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The Veterans History Project

Honor a vet in your life by preserving his or her story

En español | Heroism under fire. Basic training. Boredom and KP duty. In their own words, veterans are describing every aspect of military life for the Veterans History Project at the Library of Congress.

Thanks to friends, family, Eagle Scouts and veteran activists, some 88,000 audio and video remembrances and artifacts — from World War I through Afghanistan — shape the collection, started in 2000 and boosted by $3 million in AARP grants.

The effort always races time. You can help by capturing the stories of veterans in your life. Project director Bob Patrick says even veterans who had been reticent to share memories realize that "if I don't tell the story now, it'll never be told."

Here, a sampling from the stories of four veterans. See the "What You Can Do" box at the bottom of this page to learn how you can document the story of a veteran in your life.

Rothacker Childs Smith

Medic, U.S. Army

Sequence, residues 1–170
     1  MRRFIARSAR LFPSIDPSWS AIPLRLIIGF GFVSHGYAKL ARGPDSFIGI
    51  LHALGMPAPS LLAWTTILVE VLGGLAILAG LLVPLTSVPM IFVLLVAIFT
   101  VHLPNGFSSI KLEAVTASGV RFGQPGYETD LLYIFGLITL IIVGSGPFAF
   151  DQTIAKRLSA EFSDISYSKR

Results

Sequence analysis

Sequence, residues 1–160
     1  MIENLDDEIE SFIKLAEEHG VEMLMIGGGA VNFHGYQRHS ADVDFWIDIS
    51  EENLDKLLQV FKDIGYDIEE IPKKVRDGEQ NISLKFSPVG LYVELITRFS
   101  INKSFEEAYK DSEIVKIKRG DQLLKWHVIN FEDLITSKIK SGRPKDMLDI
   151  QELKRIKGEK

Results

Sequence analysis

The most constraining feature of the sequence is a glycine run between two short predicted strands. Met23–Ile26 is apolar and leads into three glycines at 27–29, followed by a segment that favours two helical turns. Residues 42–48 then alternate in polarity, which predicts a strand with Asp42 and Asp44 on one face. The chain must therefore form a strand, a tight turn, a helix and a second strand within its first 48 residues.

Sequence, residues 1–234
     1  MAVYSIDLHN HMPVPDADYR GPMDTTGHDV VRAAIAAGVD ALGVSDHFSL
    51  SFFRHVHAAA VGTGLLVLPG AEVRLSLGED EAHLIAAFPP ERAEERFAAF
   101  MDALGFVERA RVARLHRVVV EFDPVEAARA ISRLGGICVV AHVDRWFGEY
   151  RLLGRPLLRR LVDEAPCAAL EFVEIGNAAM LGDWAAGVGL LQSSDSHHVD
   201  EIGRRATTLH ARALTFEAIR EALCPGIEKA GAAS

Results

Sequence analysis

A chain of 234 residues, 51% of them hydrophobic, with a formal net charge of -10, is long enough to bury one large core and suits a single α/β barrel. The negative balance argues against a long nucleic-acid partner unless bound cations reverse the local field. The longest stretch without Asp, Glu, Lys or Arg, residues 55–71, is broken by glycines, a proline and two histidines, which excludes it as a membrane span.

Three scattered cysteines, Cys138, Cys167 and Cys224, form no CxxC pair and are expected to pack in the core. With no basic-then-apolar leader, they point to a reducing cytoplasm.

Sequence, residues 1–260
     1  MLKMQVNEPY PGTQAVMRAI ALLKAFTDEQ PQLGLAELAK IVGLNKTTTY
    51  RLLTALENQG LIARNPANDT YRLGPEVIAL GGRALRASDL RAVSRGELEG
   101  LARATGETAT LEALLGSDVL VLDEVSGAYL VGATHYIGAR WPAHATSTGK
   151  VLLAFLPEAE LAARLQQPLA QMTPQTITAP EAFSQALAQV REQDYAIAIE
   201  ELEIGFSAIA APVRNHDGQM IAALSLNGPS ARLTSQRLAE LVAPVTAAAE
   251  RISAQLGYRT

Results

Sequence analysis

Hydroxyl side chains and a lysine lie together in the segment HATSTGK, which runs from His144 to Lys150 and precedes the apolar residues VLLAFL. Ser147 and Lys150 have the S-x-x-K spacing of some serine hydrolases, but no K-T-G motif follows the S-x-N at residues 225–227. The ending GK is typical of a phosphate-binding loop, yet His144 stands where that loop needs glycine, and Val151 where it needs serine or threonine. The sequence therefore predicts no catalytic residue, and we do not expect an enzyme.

World War II

"I knew that I was going to die because it had been rumored that the Germans took no black prisoners … but I felt that when Jesus came again that he would awaken me and that he would look me in my face with a smile on his face because I had accepted him, and so I was at peace."

Bernadette Miller

Nurse, Captain, U.S. Army
Vietnam War

"I looked at [one seriously wounded soldier's] paperwork, and he was from a town not very far from where I grew up ... I worked very hard to make sure he made it out of our hospital."

Luis Daniel Almaguer

Sergeant, U.S. Marine Corps
Iraq War

"At points I would ask myself, what am I doing [in basic training]? Why me? Then I always had an answer to it. I have a second chance in life, and I'm going to take it."

Eric Wayne Cagle

Staff sergeant, U.S. Army
Iraq and Afghanistan wars

"I don't remember a single thing. What I was told is that [the IED] blew up; I got hit in the head; I slumped forward; there was blood all over my lap. I opened the door, got out of the truck, walked to the back, and said, 'You guys OK?' And they said, 'Hey, Sarge, you're bleeding,' and I went 'thud'!"

Steve Mencher is a writer for AARP Media. Photographs courtesy of the U.S. Library of Congress.

What You Can Do

  • Download the Veterans History Project "field kit"
  • Collect photos, diaries, documents and letters from the veteran
  • Read the suggested questions to guide your conversation
  • Record the interview in audio or video digital format
  • Send the materials to the Library of Congress American Folklife Center